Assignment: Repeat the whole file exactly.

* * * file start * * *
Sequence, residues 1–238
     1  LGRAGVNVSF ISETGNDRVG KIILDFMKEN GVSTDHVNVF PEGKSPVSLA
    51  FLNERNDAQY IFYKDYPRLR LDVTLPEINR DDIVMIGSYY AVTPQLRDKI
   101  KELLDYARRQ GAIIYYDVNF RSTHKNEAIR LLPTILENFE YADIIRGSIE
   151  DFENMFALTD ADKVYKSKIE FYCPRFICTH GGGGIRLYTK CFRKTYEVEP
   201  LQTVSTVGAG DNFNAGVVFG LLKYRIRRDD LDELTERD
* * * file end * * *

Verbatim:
Sequence, residues 1–238
     1  LGRAGVNVSF ISETGNDRVG KIILDFMKEN GVSTDHVNVF PEGKSPVSLA
    51  FLNERNDAQY IFYKDYPRLR LDVTLPEINR DDIVMIGSYY AVTPQLRDKI
   101  KELLDYARRQ GAIIYYDVNF RSTHKNEAIR LLPTILENFE YADIIRGSIE
   151  DFENMFALTD ADKVYKSKIE FYCPRFICTH GGGGIRLYTK CFRKTYEVEP
   201  LQTVSTVGAG DNFNAGVVFG LLKYRIRRDD LDELTERD